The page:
The main reason that you’re not happy with your weight is because of what you eat.
It’s hardly your fault.
Have you ever stopped to notice how many times you’re bombarded by food marketing each day?
Ads come at you from magazine pages, T.V. commercials, on websites and billboards, each boasting of cheap, convenient and tasty ways to cure your hunger.
The question “What’s for dinner?” has never been more complex than now.
Extensive menu options and large entrees have distorted your concept of a proper meal, and before you know it you’ve fallen into the trap of the chain restaurant, the drive thru, and the take-out line.
But wait – truly healthy eating is simple.
First you need to block out the blizzard of food marketing around you.
Remember that advertisers want your money, and they don’t stop to consider if the food they promote will expand your waist – that’s your job.
It’s safe to say that, with few exceptions, any food that you see marketed should be avoided. When was the last time you saw an ad for grilled white fish, steamed broccoli and a side of brown rice?
So what does truly healthy eating look like?
A healthy meal contains lean protein, fresh vegetables and a modest serving of whole grains.
Just as importantly, a healthy meal does NOT contain:
- Refined sugar / corn syrup
- Fried / fatty food
- Full fat dairy food
- Processed food with chemical additives
Breakfast is the most important meal of the day. What you decide to eat when you first wake up will set the tone for the rest of your meals that day. Try these healthy options:
- Scrambled egg whites, sliced tomato and whole grain toast
- Whole grain oatmeal, sliced fruit and a protein shake
- Homemade breakfast sandwich: Multi-grain English muffin with lean turkey slices and egg
It is important to plan your lunch ahead of time in order to avoid turning to a fast food joint or vending machine. Pack your lunch the night before and carry it with you. Try these healthy options:
- Dark baby greens topped with chopped chicken breast and diced tomatoes
- Albacore tuna (packed in water), mixed with finely chopped cucumber over brown rice
- Homemade sandwich: Sprouted grain bread with lean turkey slices, lettuce, tomato and mustard
Dinner is the meal where most people splurge and eat far more calories than they should. Eating at home is the first step in reducing your dinnertime calories. Try these healthy options:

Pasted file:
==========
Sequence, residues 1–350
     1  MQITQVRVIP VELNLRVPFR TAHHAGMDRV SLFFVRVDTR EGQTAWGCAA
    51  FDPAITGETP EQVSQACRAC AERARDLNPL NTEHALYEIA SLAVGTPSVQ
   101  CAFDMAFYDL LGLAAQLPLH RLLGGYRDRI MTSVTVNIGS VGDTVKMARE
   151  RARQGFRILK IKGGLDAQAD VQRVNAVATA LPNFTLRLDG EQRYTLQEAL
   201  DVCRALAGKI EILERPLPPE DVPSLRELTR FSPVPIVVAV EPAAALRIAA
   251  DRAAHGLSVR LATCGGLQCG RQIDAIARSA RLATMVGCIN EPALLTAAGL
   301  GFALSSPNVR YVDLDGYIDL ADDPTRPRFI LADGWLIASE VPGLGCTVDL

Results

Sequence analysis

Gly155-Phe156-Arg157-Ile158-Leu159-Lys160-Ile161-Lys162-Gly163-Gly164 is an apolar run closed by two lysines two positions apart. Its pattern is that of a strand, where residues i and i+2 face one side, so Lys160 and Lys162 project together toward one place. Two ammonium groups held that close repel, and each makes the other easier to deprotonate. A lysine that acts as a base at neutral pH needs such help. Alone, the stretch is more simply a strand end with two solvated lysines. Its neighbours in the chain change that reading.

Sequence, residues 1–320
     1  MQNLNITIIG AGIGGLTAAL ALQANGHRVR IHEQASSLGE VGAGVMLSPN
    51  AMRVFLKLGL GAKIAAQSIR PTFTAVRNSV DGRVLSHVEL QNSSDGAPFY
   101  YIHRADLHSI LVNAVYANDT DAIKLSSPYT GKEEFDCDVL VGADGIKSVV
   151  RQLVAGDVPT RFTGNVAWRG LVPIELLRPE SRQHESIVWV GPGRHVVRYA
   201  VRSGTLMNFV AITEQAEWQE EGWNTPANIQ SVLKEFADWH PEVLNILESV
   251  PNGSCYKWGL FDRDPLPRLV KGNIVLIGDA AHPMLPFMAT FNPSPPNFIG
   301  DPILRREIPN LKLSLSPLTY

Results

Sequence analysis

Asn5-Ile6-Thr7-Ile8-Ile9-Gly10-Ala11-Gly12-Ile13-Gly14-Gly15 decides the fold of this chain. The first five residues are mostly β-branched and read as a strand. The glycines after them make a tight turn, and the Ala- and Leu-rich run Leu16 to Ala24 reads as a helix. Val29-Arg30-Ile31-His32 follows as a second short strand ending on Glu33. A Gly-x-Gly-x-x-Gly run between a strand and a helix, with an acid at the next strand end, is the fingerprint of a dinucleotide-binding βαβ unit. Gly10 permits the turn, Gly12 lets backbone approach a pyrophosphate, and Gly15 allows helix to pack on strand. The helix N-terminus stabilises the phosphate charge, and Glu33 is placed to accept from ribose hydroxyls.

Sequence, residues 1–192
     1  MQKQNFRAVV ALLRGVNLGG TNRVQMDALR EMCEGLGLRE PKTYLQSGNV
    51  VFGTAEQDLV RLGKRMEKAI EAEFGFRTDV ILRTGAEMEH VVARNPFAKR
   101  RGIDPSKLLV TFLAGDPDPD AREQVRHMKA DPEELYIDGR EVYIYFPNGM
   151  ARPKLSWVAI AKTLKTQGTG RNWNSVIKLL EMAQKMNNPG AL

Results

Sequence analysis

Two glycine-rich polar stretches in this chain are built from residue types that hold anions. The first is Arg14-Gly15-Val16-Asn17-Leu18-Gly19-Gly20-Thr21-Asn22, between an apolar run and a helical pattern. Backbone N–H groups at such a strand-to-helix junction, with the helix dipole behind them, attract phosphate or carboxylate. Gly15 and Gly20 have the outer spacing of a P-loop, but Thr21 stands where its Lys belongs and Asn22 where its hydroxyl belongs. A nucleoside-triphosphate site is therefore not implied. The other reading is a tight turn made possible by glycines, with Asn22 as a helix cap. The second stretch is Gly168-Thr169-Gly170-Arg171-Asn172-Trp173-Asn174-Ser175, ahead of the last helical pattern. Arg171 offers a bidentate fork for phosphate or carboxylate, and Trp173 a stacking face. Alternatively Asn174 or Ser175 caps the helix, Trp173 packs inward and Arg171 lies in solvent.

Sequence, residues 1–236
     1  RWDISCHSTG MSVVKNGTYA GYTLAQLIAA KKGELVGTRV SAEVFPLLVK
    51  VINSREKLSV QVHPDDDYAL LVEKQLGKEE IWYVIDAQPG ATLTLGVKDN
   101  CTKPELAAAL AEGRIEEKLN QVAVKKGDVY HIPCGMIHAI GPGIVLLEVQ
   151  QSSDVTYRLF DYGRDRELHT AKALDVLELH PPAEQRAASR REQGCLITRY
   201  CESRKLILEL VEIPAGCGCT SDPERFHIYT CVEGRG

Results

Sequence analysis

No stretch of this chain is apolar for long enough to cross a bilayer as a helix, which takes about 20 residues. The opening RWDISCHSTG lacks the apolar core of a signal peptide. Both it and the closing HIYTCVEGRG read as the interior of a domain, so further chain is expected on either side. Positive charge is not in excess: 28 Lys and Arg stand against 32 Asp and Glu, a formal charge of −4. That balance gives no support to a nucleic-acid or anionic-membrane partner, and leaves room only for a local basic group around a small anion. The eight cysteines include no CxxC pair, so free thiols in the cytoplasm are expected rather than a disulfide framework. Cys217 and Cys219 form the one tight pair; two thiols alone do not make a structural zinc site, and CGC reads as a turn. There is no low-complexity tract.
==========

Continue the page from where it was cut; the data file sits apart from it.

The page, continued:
- Grilled white fish, sautéed spinach and whole wheat couscous
- Baked chicken breast, steamed broccoli and brown rice
- Try the recipe for Rosemary Lamb Chops below
While healthy eating is a huge factor in achieving your ideal weight, exercise is the other half of the equation.
Your exercise routine should be challenging and should be done on a regular basis.
I know that you have more than enough in your life to think about without having to plan your own exercise routine. Leave that job to me—call or email today to get started on a personalized fitness program that will leave your body no choice but to shed those unwanted pounds.
Check Your Fiber Score
How much fiber do you eat each day? Grab a pen and paper and tally it up: Beans, one half cup (7); Vegetables, one cup (4); Salad, one cup (2); Fruit, one piece (3); Fruit juice, one cup (1); White bread (1); Whole grain bread (2); White rice, one cup (1); Brown rice, one cup (3); Intact Oatmeal, one cup (4); Meat, poultry or fish (0); Eggs or dairy (0); Sodas or water (0).
If you scored less than 20: You need more fiber in your diet. Boosting your fiber will control your appetite and cut your risk for many other health problems.
If you scored 20-39: You consume more fiber than most people, but adding more fiber to your diet will continue to make foods more satisfying and cut your calorie intake.
If you scored 40 or more: Congratulations, you are getting plenty of healthy fiber in your diet. An added bonus for you is a reduced risk of cancer, heart disease, diabetes and digestive problems.
Rosemary Lamb Chops
This recipe pulls tantalizing flavor from rosemary, garlic and pepper. Broiling is a healthy cooking method since it doesn’t require that you add fat. Remember to trim any visible fat from the meat before cooking.
Here’s what you need…
- 8 (4oz) loin lamb chops, trimmed of fat
- 1/2 cup dry red wine
- 2 tablespoons Worcestershire sauce
- 1 teaspoon dried rosemary leaves
- 4 garlic cloves, minced
- Freshly ground black pepper
- 1/4 teaspoon salt
- Heat broiler. Generously pierce lamb chops with fork. Place in shallow dish; add wine. Let stand at room temperature for 15 minutes to marinate.
- In a small bowl combine Worcestershire sauce, rosemary and garlic; mix well. Set aside.
- Remove lamb from marinade; discard marinade. Place lamb on broiler pan. Spoon half of sauce mixture evenly over chops; sprinkle generously with pepper. Broil 4 to 6 inches from heat for 4 to 5 minutes or until browned.
- Turn chops. Spoon remaining sauce over lamb; sprinkle with pepper. Cook an additional 4 to 5 minutes or to desired doneness. Sprinkle lamb with salt.
Nutritional Analysis: One serving equals: 190 calories, 9g fat, 1g carbohydrate, 0g fiber, and 26g protein.